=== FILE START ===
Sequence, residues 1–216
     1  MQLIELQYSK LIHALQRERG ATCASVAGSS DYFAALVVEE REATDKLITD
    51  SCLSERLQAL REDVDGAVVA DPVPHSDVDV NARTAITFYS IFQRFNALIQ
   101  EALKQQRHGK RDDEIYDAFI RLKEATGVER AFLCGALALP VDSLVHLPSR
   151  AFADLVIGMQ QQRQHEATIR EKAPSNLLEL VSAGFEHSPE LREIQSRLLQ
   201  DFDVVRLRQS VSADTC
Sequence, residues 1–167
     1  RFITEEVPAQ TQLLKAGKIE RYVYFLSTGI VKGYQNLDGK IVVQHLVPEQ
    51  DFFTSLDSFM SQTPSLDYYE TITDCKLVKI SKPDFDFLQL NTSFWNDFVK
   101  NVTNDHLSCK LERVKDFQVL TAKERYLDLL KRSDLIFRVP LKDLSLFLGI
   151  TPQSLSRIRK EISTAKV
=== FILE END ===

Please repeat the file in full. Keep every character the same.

Sequence, residues 1–216
     1  MQLIELQYSK LIHALQRERG ATCASVAGSS DYFAALVVEE REATDKLITD
    51  SCLSERLQAL REDVDGAVVA DPVPHSDVDV NARTAITFYS IFQRFNALIQ
   101  EALKQQRHGK RDDEIYDAFI RLKEATGVER AFLCGALALP VDSLVHLPSR
   151  AFADLVIGMQ QQRQHEATIR EKAPSNLLEL VSAGFEHSPE LREIQSRLLQ
   201  DFDVVRLRQS VSADTC
Sequence, residues 1–167
     1  RFITEEVPAQ TQLLKAGKIE RYVYFLSTGI VKGYQNLDGK IVVQHLVPEQ
    51  DFFTSLDSFM SQTPSLDYYE TITDCKLVKI SKPDFDFLQL NTSFWNDFVK
   101  NVTNDHLSCK LERVKDFQVL TAKERYLDLL KRSDLIFRVP LKDLSLFLGI
   151  TPQSLSRIRK EISTAKV